Beaches Be Trippin\': Five Texas Coast Spots Worth the Drive

Beaches Be Trippin': Five Texas Coast Spots Worth the Drive

Arts & Culture: Let’s face it, most of us Lone Stars view the Texas coast as a poor man’s Waikiki. Hell, maybe just a poor man’s Panama Beach — only to be used... By Callie Enlow 7/10/2013
Chris Pérez, Selena’s Husband, Faces His Past and Looks Forward, Musically

Chris Pérez, Selena’s Husband, Faces His Past and Looks Forward, Musically

Music: Chris Pérez never saw it coming. “All I ever wanted to do was play guitar,” he told the Current. “I never thought I’d be the subject of an interview... By Enrique Lopetegui 8/28/2013
Best Karaoke Night

Best Karaoke Night

Best of SA 2013: 4/24/2013
Chris Perez, husband of slain Tejana icon Selena, tells of romance, suffering

Chris Perez, husband of slain Tejana icon Selena, tells of romance, suffering

Arts & Culture: In one of the final chapters of his book To Selena, With Love (out March 6), Selena's widower Chris Perez mentions that Abraham Quintanilla, his former father-in-law, once... By Enrique Lopetegui 3/7/2012
Best Happy Hour

Best Happy Hour

Best of SA 2013: 4/24/2013

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Newsmonger: SA man sues feds, state to get God out of court (and off the bills), Real ID wrasslin' continues in D.C., New documents show where DPS wanted drones in South Texas

Photo: GREG HARMAN, License: N/A


Photo: , License: N/A

Documents from the Federal Aviation Administration, released under a recent Freedom of Information Act lawsuit against the feds, provide more insight into the secretive and now-shuttered attempt by the Texas Department of Public Safety to launch small drones, called WASPs, to "support critical law enforcement operations in South Texas."


“Heavy reliance upon the military to quell lawlessness and directly confront the narcotics syndicates appears to have been largely ineffective — and in some instances to have exacerbated the violence suffered by civilians. … [M]ilitary deployments to combat organized crime have achieved limited success and, in some cases, have led to human rights violations.” — U.S. Senate Committee on Foreign Relations report released last week on Mexico's drug wars

SA man sues feds, state to get God out of court (and off the bills)

David Dornak wants to kick God out of court. Hell, he’d deport Him from the country if he could, for all Judeo-Christian religious belief has done for the county (not to mention the poor and starving of the world, kept poor and starving in part by “well-meaning” self-professed Christians in Congress denying aid for family planning, but don’t get him started). Rather: Do get him started. “I don’t care what you believe, as long as you keep it out of our government, you keep it out of our courts, you keep it off our money,” he said minutes before heading to U.S. District Court to file his lawsuit against the United States of America, the state of Texas, and Bexar County seeking nothing less than an admission that God does not exist.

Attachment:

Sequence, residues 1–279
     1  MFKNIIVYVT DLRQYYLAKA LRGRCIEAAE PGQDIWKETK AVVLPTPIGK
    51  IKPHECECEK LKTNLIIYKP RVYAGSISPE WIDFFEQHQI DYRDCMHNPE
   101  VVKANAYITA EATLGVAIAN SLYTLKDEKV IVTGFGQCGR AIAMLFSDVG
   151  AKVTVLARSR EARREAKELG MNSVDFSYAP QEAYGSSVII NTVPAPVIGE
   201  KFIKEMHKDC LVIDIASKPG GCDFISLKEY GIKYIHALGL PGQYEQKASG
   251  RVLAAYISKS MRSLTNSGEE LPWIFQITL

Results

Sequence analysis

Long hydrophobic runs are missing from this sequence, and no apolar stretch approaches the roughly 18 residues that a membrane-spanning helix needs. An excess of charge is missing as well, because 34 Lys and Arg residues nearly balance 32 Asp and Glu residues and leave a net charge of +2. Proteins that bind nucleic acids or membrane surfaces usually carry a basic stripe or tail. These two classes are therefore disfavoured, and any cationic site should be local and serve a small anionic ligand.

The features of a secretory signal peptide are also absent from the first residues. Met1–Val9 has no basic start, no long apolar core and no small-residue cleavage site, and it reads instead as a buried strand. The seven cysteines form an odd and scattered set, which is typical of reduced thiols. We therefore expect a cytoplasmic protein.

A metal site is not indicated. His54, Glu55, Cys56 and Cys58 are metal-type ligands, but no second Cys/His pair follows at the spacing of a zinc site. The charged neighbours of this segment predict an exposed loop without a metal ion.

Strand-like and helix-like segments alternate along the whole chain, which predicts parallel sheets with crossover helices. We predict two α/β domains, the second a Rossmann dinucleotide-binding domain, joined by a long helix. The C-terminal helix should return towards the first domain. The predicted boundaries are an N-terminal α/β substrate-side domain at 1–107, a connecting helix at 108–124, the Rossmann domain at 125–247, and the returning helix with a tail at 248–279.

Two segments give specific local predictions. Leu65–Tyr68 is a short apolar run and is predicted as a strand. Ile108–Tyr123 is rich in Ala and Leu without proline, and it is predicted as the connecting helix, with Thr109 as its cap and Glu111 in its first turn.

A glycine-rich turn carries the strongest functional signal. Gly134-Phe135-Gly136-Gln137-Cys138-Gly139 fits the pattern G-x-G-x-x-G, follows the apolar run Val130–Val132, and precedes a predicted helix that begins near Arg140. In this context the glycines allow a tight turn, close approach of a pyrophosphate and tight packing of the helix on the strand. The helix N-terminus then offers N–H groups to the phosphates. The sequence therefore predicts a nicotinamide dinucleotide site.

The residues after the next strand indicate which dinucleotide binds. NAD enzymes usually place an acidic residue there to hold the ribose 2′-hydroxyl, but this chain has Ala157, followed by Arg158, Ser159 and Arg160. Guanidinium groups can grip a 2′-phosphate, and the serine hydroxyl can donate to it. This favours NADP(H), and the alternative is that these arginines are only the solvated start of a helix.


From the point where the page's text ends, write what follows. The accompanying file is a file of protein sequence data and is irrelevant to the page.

“Specifically, David Dornak avers that on five separate occasions in both Federal and State Courts his rights have been violated as a direct result of his knowledge that God does not exist,” the suit reads, sure to provide some of the more interesting reading material to cross U.S. District Judge Orlando L. Garcia’s desk this week. “Without this litigation imminent harm will come to other citizens in the United States by the agencies of the Defendants.”

God is adult fiction, akin to Mickey Mouse, but much more dangerous, he says. “As long we allow government to run based on this adult imaginary cartoon, it’s not your government; it’s been stolen.” Evidence of that theft exists in the very existence of the U.S. Federal Bureau of Investigation and Homeland Security, he said, in violation of the Fourth Amendment’s prohibition against unreasonable searches and seizures. “They use god as a moral precept based on the idea that ‘we’re doing this for the moral good of everyone else.’ Then they create all these agencies that, in fact, the Founding Fathers specifically warned about the idea of federal police.” His suit for declaratory judgement, filed June 11, would require admission that:

  • References to God in a “public context,” ie. on currency or public buildings or in swearing in, is a violation of the First Amendment.
  • That the FBI, Homeland Security, and a number of other federal police agencies are unconstitutional.
  • Property taxes as applied in Texas and Bexar County are unconstitutional.

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